Georgia. To win her heart, Dudley and a pal filled the swimming pool at the KD house, where JoAnn lived, with magnolia blossoms one night because he knew it was her favorite flower, just to surprise her. As they say, the rest is history, and they married in June of 1955. Dudley and JoAnn settled in Douglas, Ga. after they wed and were blessed with two children, Lisa and Chip. Dudley continued to work in the family farming business and later became a salesman with Georgia Ace Fertilizer. In 1979 he and JoAnn relocated to Lilburn, Ga. and he took a job with the Agri-chemical division of US Steel. He was a born salesman and man of the road flying and driving all across the nation making friends all along the way. Dudley knew how to get things done, from matters relating to selling his products, hiring the right people, or finding the best steak while on the road. He was truly in his element when surrounded by his friends, family and business associates. In 1995 Dudley retired from LaRoache Industries. In 1997, he and JoAnn decided to move to Chateau Elan in Braselton, Ga. After building their home and setting up his massive shop, he was preparing to kick back, then Dudley had another idea! He decided to run for the Braselton Town Council, winning handily and serving four terms. This was at a time when Braselton was evolving from a sleepy town to a destination for light industrial development by many national companies. Dudley played a large role working with and attracting these companies. After retirement from the town council Dudley spent his later years enjoying his family and visiting with his Chateau Elan neighbors from the seat of his red University of Georgia golf cart. He spent most days smiling and laughing. The only thing he wished for at the end of his life was for the University of Georgia Bulldogs to win another national championship!Survivors include his wife, JoAnn Dorminey Ray, Braselton; daughter, Lisa Jardine Cyrus and her husband Stratton Cyrus, Austin, Texas; son, Dudley C. Ray, Jr. (aka Chip), Gainesville; granddaughters, Whitney Fulton Jardine, San Francisco, Calif., Suzannah Harrington Ray, New York City, and Stephanie Victoria Ray, Gainesville.Visitation wi

Obituary: Bishop John J. McRaith, Minnesota native, voice for farmers in church - Minneapolis Star Tribune

Saturday, April 08, 2017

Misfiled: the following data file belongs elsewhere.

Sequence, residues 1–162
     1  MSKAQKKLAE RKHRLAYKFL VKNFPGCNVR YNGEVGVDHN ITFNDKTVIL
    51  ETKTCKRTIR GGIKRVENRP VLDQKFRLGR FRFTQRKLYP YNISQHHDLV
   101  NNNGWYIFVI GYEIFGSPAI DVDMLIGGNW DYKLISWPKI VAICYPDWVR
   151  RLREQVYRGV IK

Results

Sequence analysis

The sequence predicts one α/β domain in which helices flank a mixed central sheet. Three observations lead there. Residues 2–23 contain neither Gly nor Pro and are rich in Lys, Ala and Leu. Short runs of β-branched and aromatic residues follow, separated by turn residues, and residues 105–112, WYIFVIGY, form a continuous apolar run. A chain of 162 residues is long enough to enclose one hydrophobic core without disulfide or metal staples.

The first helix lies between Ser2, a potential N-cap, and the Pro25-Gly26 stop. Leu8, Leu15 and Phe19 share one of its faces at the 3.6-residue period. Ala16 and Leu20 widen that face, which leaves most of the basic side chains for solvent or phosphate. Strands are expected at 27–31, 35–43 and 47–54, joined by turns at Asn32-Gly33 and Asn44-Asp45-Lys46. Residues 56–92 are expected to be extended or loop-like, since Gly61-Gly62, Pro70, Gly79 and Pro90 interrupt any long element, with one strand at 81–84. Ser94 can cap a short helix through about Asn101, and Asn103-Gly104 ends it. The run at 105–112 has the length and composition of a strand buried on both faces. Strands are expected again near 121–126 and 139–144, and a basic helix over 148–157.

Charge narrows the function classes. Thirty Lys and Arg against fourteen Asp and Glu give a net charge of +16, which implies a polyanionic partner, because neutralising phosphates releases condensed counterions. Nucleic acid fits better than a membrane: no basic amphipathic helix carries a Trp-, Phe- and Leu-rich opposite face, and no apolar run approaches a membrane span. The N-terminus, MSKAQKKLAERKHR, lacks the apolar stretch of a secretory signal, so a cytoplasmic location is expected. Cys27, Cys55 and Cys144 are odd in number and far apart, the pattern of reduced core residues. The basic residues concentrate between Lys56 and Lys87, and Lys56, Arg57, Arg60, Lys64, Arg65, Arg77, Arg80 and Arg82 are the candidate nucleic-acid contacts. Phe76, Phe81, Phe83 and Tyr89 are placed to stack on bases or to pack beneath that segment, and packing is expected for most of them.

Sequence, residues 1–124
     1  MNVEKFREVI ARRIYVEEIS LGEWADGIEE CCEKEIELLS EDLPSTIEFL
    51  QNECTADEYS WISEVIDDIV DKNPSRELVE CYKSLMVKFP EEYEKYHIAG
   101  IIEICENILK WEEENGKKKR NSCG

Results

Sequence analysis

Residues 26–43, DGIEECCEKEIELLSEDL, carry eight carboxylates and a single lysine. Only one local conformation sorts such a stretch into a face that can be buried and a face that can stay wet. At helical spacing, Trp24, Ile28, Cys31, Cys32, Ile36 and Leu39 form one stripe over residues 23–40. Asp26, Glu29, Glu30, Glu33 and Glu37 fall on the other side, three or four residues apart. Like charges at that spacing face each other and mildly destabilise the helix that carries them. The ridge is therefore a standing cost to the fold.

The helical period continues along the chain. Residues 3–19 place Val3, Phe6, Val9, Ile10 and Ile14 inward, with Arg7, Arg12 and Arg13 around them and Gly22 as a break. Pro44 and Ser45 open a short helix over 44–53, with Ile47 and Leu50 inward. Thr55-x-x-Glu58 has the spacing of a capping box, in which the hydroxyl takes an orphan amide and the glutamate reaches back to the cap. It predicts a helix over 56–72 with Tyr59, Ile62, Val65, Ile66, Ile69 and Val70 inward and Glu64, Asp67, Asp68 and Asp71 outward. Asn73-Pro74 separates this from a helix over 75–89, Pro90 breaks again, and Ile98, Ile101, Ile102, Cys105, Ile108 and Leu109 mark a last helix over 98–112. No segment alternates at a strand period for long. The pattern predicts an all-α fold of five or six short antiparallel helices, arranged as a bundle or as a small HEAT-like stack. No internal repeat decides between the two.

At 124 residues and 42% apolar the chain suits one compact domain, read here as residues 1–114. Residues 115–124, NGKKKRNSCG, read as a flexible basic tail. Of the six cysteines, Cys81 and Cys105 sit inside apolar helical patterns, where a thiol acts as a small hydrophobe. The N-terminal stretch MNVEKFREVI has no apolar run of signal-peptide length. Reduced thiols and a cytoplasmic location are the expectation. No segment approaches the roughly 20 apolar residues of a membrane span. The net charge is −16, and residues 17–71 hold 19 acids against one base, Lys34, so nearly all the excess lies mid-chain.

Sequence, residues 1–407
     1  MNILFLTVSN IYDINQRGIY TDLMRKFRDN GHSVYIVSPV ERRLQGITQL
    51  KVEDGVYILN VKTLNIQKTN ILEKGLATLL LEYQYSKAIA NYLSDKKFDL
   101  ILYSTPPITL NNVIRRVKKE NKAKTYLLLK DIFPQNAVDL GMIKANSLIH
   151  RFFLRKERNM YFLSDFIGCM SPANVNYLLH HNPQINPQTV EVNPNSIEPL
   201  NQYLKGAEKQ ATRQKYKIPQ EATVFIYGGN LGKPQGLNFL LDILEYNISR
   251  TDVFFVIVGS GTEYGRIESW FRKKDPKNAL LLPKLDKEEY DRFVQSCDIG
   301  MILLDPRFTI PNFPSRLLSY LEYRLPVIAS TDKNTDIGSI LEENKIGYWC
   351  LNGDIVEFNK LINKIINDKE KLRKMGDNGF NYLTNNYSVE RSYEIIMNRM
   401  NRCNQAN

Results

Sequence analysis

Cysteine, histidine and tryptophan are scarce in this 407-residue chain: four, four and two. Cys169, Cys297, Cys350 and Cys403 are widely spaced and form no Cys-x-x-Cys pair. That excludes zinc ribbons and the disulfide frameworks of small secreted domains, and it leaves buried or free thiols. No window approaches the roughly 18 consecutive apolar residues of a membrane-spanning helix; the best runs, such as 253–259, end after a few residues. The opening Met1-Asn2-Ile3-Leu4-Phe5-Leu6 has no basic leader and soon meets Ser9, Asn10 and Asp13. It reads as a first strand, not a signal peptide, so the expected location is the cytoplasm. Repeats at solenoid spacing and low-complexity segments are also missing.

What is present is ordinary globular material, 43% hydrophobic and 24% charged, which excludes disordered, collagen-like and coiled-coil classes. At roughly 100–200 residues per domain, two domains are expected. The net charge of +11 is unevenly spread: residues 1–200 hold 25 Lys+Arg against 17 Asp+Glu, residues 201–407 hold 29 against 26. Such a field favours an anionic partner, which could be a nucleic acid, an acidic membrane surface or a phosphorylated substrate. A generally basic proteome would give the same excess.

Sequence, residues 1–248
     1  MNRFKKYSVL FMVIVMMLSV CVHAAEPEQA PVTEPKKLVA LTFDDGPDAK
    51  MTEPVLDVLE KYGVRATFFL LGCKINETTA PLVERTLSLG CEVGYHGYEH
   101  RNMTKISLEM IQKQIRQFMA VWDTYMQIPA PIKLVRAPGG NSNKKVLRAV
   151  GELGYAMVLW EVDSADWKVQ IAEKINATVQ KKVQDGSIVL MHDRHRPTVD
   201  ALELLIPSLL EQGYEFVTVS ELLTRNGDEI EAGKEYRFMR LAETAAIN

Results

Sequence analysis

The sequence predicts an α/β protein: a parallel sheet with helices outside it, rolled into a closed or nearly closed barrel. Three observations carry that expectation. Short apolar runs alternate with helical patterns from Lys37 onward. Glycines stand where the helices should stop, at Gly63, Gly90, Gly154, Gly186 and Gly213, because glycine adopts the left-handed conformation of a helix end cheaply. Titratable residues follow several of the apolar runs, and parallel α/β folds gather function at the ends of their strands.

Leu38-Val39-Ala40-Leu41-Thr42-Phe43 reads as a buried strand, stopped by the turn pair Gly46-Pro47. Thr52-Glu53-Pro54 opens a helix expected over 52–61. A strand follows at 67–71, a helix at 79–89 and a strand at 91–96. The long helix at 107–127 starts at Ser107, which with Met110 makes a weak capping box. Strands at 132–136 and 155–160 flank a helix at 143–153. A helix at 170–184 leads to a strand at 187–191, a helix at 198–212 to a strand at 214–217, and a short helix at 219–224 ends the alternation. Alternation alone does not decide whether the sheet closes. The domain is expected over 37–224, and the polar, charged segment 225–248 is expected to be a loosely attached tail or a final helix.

Glenn Funeral Home to St. Stephen Cathedral in Owensboro for his funeral.Christy Taylor Chaney, an official with the funeral home, said it didn't surprise her to see people lining the streets. "He was a wonderful man, friendly to everyone, everyone loved him," she said.

Obituary: PR man Bob Goff, promoter of Minnesotans and DFL politics, dies at 80 - Minneapolis Star Tribune

Saturday, April 08, 2017

Goff said.Nick Coleman's son, St. Paul Mayor Chris Coleman, said Goff was one of the most "wickedly smart and brilliantly funny" people that he had ever met and that it was no surprise why his father had chosen to partner with him."I think in Bob he found a partner that understood the merger of his political life with the public relations side of it," the mayor said.Goff described the ad business in that era as the Wild West with "big bucks" being spent on advertising work done by out-of-town agencies. Goff said he and Coleman prided themselves on offering clients more affordable options.The agency was one of Minnesota's first public relations practices and served a range of clients, including Blue Cross Blue Shield, Polaris and the Mille Lacs Band of Ojibwe."Not only was he a very strategic political thinker, he was also in the business of public relations, marketing, figuring out strategies for clients," said Roger Moe, a friend and former DFL state Senate leader. "He was without a doubt one of the best I ever watched."Moe said that Goff knew how politics came down to connecting with people."He understood it was about friendships and knowing people," Moe said. "He spent time getting to know people. ... He was a great and dear friend. I'll miss him."One of the things that state Sen. Dick Cohen, DFL-St. Paul, will remember the most about Goff was his sense of humor and wit."His humor was very funny and very biting," said Cohen.In 1977, Goff sold his stake in the agency and served as the staff director of the task force on waste and mismanagement under Gov. Rudy Perpich. After two years, he went back to the public relations firm.Goff would later use the breadth of his experience in politics to help lobby for the construction of the Metrodome in Minneapolis and the Xcel Energy Center in St. Paul.In 2012, Goff retired from the firm, but he joked he would still pop up in the office from time to time to check the corners and "look under the rug.""He was just really friendly and fun," said his daughter Emily Goff. "I think he was fun to be around as a dad, and he was fun to be around as a boss."Bob Goff was a family man who loved to read; his large collection of books was arranged by the Dewey Decimal system."He was the self-made man that he was because he was such a reader," Emily Goff said.Last summer, the Star Tribune asked Goff if he would have changed anything since he was first asked by Nick Coleman to start the firm."No," he replied. "It started out more of a ride than I ever expected."Goff is survived by his wife, Phyllis; children Cindy, Paul, Carolyn, Laura, Bill, Emily, Matt; and numerous other family and friends. Funeral arrangements are pending.